The key goal of this theme is to focus on the role of long-term historical constraints in shaping biodiversity and ecosystems, with emphasis on the functional aspects of biodiversity.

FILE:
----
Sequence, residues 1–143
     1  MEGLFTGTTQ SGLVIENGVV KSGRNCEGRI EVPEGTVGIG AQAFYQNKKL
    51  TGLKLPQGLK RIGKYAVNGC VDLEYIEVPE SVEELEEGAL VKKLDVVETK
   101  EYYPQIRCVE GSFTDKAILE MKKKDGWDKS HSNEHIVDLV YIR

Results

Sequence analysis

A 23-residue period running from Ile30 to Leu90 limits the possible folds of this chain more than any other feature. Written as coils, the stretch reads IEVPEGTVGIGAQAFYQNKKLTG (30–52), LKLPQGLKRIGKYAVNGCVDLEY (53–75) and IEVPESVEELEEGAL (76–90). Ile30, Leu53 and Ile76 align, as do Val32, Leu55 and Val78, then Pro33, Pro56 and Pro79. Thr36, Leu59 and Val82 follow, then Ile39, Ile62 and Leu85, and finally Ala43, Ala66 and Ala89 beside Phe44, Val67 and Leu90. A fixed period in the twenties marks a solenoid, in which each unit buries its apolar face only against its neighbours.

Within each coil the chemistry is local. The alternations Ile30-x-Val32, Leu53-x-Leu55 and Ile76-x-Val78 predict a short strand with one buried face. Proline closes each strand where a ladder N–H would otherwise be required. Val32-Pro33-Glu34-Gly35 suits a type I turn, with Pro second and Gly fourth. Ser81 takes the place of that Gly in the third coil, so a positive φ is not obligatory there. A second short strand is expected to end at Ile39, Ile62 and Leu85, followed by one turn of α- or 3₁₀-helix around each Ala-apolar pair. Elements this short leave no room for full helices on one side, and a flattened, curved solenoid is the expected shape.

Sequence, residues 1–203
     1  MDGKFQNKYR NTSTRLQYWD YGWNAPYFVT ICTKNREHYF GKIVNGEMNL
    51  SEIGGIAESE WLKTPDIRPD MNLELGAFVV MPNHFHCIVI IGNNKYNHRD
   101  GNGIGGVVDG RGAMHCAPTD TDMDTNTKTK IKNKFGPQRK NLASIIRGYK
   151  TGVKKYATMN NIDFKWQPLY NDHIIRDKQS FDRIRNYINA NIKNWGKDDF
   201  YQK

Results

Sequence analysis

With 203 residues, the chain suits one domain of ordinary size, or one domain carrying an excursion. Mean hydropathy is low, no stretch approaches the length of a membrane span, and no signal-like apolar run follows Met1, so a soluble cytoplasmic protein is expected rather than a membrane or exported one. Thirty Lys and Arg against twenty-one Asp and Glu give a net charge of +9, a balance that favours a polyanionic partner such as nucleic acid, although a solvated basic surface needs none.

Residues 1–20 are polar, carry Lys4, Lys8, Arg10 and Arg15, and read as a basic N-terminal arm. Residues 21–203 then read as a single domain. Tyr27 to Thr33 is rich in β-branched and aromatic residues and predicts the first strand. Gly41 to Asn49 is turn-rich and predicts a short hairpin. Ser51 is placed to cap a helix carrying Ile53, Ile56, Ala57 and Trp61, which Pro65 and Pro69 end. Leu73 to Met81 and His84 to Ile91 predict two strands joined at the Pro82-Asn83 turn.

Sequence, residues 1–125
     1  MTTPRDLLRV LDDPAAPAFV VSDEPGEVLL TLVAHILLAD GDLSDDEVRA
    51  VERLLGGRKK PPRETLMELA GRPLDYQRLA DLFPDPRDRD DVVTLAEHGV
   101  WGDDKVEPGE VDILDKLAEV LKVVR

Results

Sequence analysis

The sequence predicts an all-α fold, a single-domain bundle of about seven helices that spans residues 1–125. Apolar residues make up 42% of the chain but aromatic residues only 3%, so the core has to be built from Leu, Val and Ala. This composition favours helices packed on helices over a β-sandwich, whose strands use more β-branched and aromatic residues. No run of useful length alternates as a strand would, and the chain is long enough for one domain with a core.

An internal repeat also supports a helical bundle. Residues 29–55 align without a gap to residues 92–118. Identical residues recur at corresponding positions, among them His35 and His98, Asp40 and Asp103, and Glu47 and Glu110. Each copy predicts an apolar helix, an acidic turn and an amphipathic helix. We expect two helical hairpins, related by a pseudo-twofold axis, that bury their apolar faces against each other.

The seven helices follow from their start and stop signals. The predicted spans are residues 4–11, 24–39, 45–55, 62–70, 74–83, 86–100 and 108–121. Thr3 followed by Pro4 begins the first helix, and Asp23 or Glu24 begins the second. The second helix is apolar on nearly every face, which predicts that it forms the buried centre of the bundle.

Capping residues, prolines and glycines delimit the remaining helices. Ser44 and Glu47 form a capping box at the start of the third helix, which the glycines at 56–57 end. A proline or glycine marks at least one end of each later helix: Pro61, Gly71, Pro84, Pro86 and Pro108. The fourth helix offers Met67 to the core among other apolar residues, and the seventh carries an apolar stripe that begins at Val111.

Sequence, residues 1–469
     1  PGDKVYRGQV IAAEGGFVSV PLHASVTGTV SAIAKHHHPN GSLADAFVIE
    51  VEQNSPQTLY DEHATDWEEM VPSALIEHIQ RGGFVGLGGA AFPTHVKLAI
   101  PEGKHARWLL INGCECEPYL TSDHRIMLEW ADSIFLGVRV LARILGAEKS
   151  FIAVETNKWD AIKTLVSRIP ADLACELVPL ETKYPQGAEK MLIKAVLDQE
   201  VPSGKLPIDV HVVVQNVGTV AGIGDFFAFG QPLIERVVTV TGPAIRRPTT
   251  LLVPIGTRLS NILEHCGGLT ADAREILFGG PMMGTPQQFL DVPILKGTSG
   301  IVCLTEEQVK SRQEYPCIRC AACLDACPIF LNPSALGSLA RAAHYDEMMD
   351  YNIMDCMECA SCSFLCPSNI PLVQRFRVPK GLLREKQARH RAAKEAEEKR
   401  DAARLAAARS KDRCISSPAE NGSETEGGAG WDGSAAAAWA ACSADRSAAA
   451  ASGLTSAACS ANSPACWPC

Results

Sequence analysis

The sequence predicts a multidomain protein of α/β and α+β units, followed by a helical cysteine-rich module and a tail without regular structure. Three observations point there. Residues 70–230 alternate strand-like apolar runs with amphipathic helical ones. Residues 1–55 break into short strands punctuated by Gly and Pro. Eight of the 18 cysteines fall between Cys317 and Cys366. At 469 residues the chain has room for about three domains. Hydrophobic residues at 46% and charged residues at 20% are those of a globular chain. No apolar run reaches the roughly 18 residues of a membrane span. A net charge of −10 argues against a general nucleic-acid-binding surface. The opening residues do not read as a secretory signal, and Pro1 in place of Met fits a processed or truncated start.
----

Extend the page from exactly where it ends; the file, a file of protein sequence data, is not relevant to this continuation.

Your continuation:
We aim to deepen our understanding of three phenomena that are likely to characterize future ecosystems, namely: (1) Transient biodiversity dynamics, as ongoing and future global change is likely to further increase ecological disequilibria. (2) Assembly and functioning of novel ecosystems, as such ecosystems without historical precedent are likely to become widespread due to globalization’s transport of organisms around the world and due to the rise of anthropogenic novel environmental conditions. One crucial unresolved question that we will address concerns the biodiversity capacity of such ecosystems. (3) Megafauna ecosystem ecology, as there is a strong need to understand how the large animals affect the rest of biodiversity, ecosystem structure and even the whole biosphere, both from a fundamental perspective and because the planet is now experiencing both strong losses of large animals in much of the world (defaunation), but also comebacks via re-expansions and introductions elsewhere.